In the Block Capital project, we’re looking at a number of specific tower blocks in the Black Country, in Bilston, Willenhall, Darlaston, Wednesbury and Tipton. But these number just 20 of the 276 blocks that were built by the various local authorities in the region. I now find myself looking out at tower blocks all the time, that previously resonated very little with me.
Stourbridge Urban District Council was one of the Urban District Councils to build fewer blocks, in fact only the three: Firmstone Court on Wollaston High Street, and Kennedy and Baylie Courts on Green Street. I walk past these last two regularly, situated as they are on my way out of town, right on the ring road. Of course, it wasn’t always so. The site was E. Baylie & Co. Chain Works, right up to 1961 when the company was moved to Netherton some years after a take-over by the famous Noah Hingley & Sons (manufacturers of the Titanic anchor and chains, amongst other things).
The two blocks were built by the UDC between 1963 and 1965 – so are very nearly 50 years old – and are 14 storeys and 39.6 metres high. The timing might also explain the names: Baylie is obvious, but given this last week’s commemoration of the assassination of JFK, perhaps Kennedy is named for the president, killed just as building got underway.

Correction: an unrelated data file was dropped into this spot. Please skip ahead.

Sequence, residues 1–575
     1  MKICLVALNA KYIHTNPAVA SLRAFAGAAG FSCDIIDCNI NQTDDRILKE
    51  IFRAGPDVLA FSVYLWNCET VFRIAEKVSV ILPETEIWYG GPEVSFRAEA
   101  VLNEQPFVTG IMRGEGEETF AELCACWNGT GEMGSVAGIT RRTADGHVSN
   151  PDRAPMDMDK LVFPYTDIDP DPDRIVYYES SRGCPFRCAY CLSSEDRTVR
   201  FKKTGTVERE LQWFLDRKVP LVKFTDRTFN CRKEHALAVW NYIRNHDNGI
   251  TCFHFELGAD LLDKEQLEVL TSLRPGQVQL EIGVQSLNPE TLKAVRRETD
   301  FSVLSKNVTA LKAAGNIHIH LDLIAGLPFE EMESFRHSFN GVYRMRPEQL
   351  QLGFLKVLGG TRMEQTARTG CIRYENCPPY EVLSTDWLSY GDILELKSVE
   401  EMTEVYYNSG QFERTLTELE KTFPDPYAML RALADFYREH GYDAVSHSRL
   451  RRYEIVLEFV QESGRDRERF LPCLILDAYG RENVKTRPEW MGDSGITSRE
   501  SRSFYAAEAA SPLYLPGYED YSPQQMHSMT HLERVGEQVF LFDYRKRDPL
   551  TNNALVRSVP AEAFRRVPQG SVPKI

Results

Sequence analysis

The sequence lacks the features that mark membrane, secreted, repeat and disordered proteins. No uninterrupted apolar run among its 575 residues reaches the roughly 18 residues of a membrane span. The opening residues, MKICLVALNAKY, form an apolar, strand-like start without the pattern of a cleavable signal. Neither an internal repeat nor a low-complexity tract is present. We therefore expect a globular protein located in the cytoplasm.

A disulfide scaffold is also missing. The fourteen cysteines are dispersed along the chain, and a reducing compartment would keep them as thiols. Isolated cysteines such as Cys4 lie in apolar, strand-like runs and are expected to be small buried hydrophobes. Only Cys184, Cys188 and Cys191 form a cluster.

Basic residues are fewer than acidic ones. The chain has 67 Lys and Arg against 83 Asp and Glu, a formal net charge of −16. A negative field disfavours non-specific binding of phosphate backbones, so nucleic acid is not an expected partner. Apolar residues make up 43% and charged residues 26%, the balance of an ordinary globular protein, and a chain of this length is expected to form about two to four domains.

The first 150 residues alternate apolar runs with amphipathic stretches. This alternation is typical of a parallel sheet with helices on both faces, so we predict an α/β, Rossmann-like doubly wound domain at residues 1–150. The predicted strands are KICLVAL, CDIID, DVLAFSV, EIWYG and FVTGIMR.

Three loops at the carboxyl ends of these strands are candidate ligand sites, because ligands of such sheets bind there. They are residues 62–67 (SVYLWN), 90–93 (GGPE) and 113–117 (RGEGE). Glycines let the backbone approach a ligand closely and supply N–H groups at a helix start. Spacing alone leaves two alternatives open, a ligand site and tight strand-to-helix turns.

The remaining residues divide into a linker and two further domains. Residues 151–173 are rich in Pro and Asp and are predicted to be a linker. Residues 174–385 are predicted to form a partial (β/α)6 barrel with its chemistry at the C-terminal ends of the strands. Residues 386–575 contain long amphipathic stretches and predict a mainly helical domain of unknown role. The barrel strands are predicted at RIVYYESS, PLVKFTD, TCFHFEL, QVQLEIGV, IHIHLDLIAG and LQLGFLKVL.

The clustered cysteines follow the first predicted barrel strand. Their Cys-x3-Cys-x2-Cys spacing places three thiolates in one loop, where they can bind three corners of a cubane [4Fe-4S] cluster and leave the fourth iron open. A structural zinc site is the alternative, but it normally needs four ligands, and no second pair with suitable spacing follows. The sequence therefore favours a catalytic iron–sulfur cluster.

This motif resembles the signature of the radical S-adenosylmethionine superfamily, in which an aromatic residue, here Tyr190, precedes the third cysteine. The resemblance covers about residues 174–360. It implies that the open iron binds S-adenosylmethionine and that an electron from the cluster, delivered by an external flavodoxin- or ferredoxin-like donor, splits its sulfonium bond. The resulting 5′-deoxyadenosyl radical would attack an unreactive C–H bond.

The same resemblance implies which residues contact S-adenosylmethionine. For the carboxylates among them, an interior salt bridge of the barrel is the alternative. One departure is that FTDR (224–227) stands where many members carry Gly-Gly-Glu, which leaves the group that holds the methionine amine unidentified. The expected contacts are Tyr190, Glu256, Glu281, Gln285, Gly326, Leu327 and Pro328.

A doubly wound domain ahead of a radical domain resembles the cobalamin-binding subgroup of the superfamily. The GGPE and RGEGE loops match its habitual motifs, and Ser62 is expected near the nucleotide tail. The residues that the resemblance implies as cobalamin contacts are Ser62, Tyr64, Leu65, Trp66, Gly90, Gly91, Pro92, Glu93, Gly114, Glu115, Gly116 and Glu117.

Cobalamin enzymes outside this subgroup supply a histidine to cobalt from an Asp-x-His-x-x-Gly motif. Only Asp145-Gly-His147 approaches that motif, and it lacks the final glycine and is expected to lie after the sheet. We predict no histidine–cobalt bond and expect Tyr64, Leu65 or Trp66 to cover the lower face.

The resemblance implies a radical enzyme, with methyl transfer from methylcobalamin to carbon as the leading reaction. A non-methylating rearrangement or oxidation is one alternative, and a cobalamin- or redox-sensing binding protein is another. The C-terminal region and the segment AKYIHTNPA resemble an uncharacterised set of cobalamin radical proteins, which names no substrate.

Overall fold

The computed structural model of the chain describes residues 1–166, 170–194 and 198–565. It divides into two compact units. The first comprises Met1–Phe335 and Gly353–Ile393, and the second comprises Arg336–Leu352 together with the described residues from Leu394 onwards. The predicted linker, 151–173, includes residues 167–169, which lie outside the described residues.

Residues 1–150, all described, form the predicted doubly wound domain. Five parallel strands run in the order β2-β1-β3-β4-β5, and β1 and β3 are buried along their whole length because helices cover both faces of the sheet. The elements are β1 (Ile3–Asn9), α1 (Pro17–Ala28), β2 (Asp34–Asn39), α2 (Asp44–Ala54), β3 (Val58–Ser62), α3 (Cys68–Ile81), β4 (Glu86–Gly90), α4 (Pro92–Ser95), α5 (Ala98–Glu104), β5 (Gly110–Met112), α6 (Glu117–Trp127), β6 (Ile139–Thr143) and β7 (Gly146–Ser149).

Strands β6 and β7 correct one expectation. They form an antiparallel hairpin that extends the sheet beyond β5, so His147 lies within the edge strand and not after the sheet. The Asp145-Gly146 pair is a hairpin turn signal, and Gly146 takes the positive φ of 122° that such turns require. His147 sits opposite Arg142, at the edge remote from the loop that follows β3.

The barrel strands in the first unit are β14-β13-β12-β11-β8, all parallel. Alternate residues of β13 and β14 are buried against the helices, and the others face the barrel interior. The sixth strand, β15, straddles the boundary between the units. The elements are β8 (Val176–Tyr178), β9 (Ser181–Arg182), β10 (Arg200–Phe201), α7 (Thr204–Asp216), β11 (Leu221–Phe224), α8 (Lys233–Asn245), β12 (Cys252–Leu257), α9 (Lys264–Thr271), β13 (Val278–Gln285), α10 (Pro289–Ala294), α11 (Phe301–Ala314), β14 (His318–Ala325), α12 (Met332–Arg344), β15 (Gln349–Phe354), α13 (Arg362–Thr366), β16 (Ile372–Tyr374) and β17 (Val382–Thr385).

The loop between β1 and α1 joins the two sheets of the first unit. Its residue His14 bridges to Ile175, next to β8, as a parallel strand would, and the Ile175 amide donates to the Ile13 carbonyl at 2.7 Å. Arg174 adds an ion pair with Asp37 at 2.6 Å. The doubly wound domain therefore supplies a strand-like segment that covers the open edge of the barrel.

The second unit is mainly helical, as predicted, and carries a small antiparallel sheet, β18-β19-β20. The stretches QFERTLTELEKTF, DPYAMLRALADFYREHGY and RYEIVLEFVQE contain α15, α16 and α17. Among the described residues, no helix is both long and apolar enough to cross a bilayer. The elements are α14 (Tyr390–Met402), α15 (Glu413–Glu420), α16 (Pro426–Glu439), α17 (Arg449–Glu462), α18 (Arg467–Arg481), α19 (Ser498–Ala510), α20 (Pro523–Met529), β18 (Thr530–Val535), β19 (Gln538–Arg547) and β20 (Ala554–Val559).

At the time of building they were accessed off Green Street for Kennedy Court (South West of the site) and from Hemplands Road and New Street for Baylie Court. This was soon to change as the ring road was blasted through the warren of smaller streets on the western side of Stourbridge town centre in 1969. By the map of the 1970s, things look very different indeed, with the tower blocks matched by a multistorey car park on the opposite side of the ring road (itself recently blasted out of the way in the name of progress, or Tesco, however you wish).
And that’s pretty how much how they stand today, with the town centre generally built on the same lines as this aerial view from 1976. Baylie Court featured in the news earlier this year due to a fatal fire; Kennedy Court in a Guardian article about Clegg-mania that now looks desperately outdated.
It’s going to be pretty much great fun having a proper dig into the tower blocks of the Black Country. They’re iconic yet so often ignored; a futuristic solution that, like the article, appear hopelessly out of date.